New Hampshire State Victim Resources:
Phone: (603) 271-3658
Agencies that offer assistance to IDT victims:
Legal Advice & Referral Center, Inc.
Program Phone: (603) 224-5723
Legal Assistance: (800) 639-5290
Security Freeze Law:
State law allows all New Hampshire residents to place security freezes on their consumer credit reports to prevent identity thieves from opening new accounts in their names. Such a freeze enables the consumer to prevent anyone from looking at his/her credit file for the purpose of granting credit unless the consumer chooses to allow a particular business look at the information. To request a freeze, a consumer must request one in writing by certified mail to the credit reporting agencies. A credit reporting agency may charge up to $10 to place or temporarily unlock the freeze, although there is no charge for victims of identity theft with a valid police report or other complaint.
The reporting agency must place the freeze within five business days after receiving the request, and within ten days of placing the freeze must send a written confirmation of the freeze and provide the consumer with a unique personal identification number or password to be used when providing authorization for the release of credit information for a specific party or period of time. Requests for a temporary unlocking of the freeze must be completed within three business days.
Statute: §359-B-23 through B-26.
How to Place a Credit Freeze: http://consumersunion.org/research/state_security_freeze_laws/#NH
Mandatory Police Report Law for Identity Theft Victims:
A person who has learned or reasonably suspects that he or she has been the victim of identity theft may contact the local law enforcement agency that has jurisdiction over his or her place of residence, which must take a police report of the matter, and provide the complainant with a copy of that report. If the jurisdiction for investigation and prosecution lies elsewhere, the agency may refer the complaint to the law enforcement agency in a different jurisdiction. A complaint filed under this section is not required to be counted as an open case for purposes such as compiling open case statistics.
Identity Theft Passport Law:
No State law at this time.
Identity Theft Laws:
A person is guilty of identity fraud when he/she:
- Poses as another person with the purpose to defraud in order to obtain money, credit, goods, services, or anything else of value;
- Obtains or records personal identifying information about another person without the express authorization of such person, with the intent to pose as such person;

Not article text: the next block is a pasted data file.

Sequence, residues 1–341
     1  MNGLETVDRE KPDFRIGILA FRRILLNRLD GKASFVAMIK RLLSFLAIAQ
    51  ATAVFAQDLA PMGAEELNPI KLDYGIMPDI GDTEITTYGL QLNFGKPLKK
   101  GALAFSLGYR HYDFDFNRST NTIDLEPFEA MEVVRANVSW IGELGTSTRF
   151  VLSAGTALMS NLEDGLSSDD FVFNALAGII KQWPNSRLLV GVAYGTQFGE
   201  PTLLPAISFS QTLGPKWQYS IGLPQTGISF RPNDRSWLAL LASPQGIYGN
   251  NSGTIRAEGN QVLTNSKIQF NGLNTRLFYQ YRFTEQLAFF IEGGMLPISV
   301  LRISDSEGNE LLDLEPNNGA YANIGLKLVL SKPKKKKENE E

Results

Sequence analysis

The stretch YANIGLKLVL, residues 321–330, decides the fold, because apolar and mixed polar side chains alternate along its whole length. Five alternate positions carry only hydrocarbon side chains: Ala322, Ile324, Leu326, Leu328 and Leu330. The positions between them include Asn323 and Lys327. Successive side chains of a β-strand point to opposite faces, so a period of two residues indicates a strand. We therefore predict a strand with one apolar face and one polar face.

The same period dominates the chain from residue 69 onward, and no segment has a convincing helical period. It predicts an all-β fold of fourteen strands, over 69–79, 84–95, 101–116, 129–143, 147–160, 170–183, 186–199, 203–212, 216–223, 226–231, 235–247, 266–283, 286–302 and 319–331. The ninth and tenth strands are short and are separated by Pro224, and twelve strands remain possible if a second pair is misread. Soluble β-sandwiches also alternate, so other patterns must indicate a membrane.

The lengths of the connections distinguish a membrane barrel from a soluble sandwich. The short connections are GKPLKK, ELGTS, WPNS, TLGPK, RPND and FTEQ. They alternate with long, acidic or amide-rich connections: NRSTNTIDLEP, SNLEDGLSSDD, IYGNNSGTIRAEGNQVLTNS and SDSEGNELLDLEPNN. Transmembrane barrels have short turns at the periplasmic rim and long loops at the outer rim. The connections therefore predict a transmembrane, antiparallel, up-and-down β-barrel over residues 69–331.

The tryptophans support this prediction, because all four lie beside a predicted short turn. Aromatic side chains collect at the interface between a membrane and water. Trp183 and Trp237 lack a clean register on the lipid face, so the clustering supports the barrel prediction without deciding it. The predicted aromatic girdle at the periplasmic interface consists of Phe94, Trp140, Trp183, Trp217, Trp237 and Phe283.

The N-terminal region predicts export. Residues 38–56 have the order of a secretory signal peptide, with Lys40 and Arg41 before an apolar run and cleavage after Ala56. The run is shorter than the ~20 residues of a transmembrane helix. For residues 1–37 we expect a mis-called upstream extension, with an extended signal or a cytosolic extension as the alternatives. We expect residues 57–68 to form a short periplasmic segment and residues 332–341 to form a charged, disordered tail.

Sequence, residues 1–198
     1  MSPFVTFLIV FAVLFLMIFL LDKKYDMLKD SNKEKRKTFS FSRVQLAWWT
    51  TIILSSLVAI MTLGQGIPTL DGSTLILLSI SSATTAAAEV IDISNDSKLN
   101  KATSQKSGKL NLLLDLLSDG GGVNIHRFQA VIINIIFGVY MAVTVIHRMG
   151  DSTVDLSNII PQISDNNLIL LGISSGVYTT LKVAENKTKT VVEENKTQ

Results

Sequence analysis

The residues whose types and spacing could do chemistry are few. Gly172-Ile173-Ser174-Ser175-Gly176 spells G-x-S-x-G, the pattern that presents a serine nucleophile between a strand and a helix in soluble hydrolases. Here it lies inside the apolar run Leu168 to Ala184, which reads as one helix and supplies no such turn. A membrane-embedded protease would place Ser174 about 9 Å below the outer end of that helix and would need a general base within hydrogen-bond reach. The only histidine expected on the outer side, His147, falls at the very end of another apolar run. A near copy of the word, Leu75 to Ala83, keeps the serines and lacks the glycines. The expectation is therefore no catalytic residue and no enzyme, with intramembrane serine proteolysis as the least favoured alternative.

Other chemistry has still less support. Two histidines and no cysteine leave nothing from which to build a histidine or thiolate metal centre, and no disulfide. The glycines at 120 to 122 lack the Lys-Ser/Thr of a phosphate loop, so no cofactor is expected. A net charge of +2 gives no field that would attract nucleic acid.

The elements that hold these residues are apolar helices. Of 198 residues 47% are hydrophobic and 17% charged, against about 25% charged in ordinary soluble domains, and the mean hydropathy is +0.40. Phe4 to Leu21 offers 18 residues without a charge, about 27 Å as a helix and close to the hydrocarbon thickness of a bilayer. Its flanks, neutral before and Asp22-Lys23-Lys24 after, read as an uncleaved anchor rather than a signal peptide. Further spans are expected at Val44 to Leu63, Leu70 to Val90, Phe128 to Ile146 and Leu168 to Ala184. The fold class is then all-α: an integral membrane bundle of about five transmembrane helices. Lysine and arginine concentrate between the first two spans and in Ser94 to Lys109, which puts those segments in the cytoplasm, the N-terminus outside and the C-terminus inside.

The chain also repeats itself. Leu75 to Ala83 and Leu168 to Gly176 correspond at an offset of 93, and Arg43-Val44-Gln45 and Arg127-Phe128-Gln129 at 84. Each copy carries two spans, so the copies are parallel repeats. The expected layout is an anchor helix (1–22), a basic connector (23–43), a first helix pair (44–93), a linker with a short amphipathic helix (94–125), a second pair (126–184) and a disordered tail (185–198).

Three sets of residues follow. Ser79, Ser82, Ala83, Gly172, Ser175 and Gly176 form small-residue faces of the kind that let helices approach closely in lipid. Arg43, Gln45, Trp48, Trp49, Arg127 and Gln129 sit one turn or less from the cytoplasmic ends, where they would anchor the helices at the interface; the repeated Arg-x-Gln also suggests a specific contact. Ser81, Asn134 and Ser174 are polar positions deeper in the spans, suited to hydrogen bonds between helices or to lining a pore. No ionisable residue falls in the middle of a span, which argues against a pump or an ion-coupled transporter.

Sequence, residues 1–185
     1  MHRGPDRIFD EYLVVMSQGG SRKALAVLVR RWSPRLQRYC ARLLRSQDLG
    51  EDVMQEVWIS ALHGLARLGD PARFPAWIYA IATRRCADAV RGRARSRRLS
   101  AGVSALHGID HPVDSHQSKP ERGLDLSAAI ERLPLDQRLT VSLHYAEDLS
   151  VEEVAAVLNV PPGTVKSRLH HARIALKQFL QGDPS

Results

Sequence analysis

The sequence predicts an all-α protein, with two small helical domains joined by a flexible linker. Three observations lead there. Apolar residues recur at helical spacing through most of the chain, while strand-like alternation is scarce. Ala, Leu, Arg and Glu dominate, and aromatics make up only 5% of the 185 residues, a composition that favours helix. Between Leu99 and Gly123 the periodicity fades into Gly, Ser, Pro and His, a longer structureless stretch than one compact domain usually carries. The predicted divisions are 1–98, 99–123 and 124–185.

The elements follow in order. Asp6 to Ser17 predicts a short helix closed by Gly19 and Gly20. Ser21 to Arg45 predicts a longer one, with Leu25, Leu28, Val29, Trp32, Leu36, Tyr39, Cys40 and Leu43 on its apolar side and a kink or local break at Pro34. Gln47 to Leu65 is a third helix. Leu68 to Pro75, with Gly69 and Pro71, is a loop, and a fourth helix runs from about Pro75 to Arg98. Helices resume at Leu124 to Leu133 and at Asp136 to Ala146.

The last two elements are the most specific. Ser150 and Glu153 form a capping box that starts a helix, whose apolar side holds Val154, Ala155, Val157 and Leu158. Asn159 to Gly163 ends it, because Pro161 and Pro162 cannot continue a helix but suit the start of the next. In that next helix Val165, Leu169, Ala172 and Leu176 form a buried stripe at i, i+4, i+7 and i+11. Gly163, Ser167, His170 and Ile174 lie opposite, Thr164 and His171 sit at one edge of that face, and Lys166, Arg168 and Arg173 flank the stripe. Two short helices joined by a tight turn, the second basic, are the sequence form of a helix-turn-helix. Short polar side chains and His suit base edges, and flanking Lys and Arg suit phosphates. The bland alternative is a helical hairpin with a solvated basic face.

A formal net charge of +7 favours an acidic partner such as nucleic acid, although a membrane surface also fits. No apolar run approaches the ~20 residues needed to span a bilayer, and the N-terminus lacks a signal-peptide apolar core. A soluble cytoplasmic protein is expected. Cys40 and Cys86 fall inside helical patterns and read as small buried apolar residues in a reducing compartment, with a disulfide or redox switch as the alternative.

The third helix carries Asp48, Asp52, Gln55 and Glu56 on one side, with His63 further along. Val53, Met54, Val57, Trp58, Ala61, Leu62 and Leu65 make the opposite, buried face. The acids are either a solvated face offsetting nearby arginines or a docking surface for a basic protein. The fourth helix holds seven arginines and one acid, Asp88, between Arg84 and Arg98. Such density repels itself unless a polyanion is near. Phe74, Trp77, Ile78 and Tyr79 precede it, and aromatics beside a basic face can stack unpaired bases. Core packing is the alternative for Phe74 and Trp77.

- Obtains or records personal identifying information about a person without the express authorization of such person in order to assist another to pose as such person; or
- Poses as another person, without the express authorization of such person, with the purpose of obtaining confidential information about such person that is not available to the general public.
Identity fraud is a class A felony, punishable by up to 15 years in jail and/or a $4,000 fine.
"Personal identifying information" is defined as any name, number, or information that may be used, alone or in conjunction with any other information, to assume the identity of an individual, including any name, address, telephone number, driver's license number, Social Security number, employer or place of employment, employee identification number, mother's maiden name, demand deposit account number, savings account number, credit card number, debit card number, personal identification number, account number, or computer password identification
State law prohibits any person, without the authorization, consent, or permission of the other person, to do any of the following, with fraudulent intent:
- Obtain, record, or access personal information or a financial device that would assist the person in accessing financial resources or obtaining personal information owned by the other person other than that which is necessary to process a transaction for the benefit of the other person;
- Obtain goods, services, or some other benefit through the use of personal information or a financial device of the other person;
- Obtain personal information or financial device documents in the other person's name;